What Can You See When It’s Gone

This morning, I set about to write a blog on the writing of poems inspired by growing up on the farm and instead I ended up writing a poem. In the poem, there is a reference to a wild sheep roaming the forests outside of Melbourne Australia.  That detail is based upon a story in the papers concerning a wild ram gone wool blind with a 77-pound fleece captured and shorn and thereby rescued from almost certain death.  This sheep is a metaphor for memory, the burden and the blessing, the blindness and the sight.

 

What Can You See When It’s Gone

when you look to the top of the hill

where the barns

used to be on the farm

those black buildings

loom in the mind

dark memory

that billows

where phantom storm stains an old sky

like the oil you can’t wash

from blue cloth

 

and the ghost fog of sheep

are grazing gone grass

and eating the windfalls away

where the tree lost its apples

in autumn

one thought at a time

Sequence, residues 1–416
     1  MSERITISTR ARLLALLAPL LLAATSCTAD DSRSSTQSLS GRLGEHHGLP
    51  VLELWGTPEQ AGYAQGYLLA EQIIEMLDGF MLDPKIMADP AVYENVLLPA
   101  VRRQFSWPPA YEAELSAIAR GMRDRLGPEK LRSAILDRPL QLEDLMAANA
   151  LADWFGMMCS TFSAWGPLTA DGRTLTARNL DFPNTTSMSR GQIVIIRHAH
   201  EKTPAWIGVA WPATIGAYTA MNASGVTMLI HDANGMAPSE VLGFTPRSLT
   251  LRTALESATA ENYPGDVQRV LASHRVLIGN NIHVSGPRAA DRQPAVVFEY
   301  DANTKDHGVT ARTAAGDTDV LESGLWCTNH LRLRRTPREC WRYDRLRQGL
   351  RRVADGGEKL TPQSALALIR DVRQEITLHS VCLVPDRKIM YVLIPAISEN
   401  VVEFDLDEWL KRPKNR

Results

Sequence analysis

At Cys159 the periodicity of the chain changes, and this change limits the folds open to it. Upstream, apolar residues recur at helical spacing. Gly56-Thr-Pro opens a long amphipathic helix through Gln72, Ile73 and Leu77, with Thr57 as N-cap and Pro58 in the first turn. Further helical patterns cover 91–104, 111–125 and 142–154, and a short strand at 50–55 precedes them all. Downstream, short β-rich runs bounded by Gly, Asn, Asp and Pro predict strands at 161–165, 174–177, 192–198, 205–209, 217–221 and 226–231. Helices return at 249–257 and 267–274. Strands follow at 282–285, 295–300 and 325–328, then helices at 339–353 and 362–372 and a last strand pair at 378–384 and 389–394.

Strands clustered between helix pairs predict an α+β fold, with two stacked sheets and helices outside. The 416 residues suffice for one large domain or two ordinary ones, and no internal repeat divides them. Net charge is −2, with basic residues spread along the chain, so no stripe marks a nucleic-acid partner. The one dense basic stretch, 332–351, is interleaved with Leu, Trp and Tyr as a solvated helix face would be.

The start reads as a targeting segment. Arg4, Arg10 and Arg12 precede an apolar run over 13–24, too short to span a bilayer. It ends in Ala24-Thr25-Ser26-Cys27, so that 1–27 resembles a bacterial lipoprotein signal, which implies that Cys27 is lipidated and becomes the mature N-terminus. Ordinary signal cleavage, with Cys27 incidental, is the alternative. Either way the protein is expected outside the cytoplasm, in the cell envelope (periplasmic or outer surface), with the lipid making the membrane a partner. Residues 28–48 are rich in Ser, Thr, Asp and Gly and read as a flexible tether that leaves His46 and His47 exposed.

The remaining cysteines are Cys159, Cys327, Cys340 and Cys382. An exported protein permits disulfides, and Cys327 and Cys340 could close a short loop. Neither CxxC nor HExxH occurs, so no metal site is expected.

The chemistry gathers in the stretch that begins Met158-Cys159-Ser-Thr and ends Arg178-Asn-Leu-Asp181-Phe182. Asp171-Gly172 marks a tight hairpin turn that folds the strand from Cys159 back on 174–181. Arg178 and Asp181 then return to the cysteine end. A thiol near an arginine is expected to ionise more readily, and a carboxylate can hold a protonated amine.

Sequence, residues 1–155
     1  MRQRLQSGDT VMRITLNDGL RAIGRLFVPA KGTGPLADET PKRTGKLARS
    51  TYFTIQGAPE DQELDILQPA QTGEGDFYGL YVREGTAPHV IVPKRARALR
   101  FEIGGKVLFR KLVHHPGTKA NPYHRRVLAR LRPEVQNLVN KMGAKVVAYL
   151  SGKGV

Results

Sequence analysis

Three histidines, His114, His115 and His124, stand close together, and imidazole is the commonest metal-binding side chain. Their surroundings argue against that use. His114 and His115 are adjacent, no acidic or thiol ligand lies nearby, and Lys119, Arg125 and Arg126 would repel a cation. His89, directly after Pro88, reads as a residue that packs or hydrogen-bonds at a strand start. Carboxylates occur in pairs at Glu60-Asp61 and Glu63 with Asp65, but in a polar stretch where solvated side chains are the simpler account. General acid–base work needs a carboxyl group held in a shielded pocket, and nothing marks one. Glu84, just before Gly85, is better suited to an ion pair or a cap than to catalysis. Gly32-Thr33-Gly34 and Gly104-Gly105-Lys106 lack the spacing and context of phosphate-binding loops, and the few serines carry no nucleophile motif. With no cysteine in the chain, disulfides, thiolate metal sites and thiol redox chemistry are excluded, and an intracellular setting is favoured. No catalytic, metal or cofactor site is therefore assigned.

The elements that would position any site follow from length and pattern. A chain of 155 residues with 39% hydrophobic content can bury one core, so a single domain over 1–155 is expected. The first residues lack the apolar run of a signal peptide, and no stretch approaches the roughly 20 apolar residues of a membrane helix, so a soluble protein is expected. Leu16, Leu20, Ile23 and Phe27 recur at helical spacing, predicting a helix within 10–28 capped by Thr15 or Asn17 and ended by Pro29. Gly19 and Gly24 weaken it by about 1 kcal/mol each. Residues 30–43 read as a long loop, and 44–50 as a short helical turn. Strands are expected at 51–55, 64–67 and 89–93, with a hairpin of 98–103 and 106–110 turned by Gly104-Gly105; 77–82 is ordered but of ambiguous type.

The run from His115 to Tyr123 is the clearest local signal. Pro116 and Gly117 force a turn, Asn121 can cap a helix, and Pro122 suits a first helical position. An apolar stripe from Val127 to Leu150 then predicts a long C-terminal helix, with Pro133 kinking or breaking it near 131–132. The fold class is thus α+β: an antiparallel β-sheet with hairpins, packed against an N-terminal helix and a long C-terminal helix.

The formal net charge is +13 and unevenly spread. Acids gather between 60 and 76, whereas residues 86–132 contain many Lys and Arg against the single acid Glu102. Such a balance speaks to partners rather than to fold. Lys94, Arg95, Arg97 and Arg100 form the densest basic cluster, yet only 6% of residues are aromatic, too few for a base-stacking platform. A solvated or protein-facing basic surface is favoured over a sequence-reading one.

if the mist in the meadow

is cold in the winter

as frost that clings to wet wool

and warm

in the vanishing dawn

was it there

like a voice from the grave

both the wind in the weather

that worries the rain

in the name on a stone

and the name it is wearing away …

 

near Melbourne Australia

in the forests of night

they found a wild ram

gone blind in his burden of wool

his fleece curling over his face full as thunder

 

and oh when you’re lost

and oh, when you’re found

can you see

where you were

when where you once were isn’t there

 

John B. Lee

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